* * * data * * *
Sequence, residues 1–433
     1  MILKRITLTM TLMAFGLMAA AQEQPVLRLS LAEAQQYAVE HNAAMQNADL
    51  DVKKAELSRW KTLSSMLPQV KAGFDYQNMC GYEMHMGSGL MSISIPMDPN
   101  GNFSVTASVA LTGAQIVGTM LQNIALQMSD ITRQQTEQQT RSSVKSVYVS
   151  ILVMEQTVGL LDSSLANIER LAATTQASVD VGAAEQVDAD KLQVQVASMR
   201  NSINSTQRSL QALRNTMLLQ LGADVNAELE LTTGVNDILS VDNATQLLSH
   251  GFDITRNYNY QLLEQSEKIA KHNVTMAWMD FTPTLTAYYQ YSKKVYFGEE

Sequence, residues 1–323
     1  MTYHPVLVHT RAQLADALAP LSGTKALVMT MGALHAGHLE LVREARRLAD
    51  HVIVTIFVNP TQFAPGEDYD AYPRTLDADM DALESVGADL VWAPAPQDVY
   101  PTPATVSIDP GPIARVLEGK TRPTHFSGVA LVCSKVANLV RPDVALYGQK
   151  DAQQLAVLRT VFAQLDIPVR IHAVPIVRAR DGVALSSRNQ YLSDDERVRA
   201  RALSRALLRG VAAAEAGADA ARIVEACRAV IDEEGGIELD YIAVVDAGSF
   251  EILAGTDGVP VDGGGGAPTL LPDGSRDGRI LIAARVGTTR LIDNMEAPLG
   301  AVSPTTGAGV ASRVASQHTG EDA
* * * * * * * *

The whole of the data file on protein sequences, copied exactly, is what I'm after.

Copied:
Sequence, residues 1–433
     1  MILKRITLTM TLMAFGLMAA AQEQPVLRLS LAEAQQYAVE HNAAMQNADL
    51  DVKKAELSRW KTLSSMLPQV KAGFDYQNMC GYEMHMGSGL MSISIPMDPN
   101  GNFSVTASVA LTGAQIVGTM LQNIALQMSD ITRQQTEQQT RSSVKSVYVS
   151  ILVMEQTVGL LDSSLANIER LAATTQASVD VGAAEQVDAD KLQVQVASMR
   201  NSINSTQRSL QALRNTMLLQ LGADVNAELE LTTGVNDILS VDNATQLLSH
   251  GFDITRNYNY QLLEQSEKIA KHNVTMAWMD FTPTLTAYYQ YSKKVYFGEE

Sequence, residues 1–323
     1  MTYHPVLVHT RAQLADALAP LSGTKALVMT MGALHAGHLE LVREARRLAD
    51  HVIVTIFVNP TQFAPGEDYD AYPRTLDADM DALESVGADL VWAPAPQDVY
   101  PTPATVSIDP GPIARVLEGK TRPTHFSGVA LVCSKVANLV RPDVALYGQK
   151  DAQQLAVLRT VFAQLDIPVR IHAVPIVRAR DGVALSSRNQ YLSDDERVRA
   201  RALSRALLRG VAAAEAGADA ARIVEACRAV IDEEGGIELD YIAVVDAGSF
   251  EILAGTDGVP VDGGGGAPTL LPDGSRDGRI LIAARVGTTR LIDNMEAPLG
   301  AVSPTTGAGV ASRVASQHTG EDA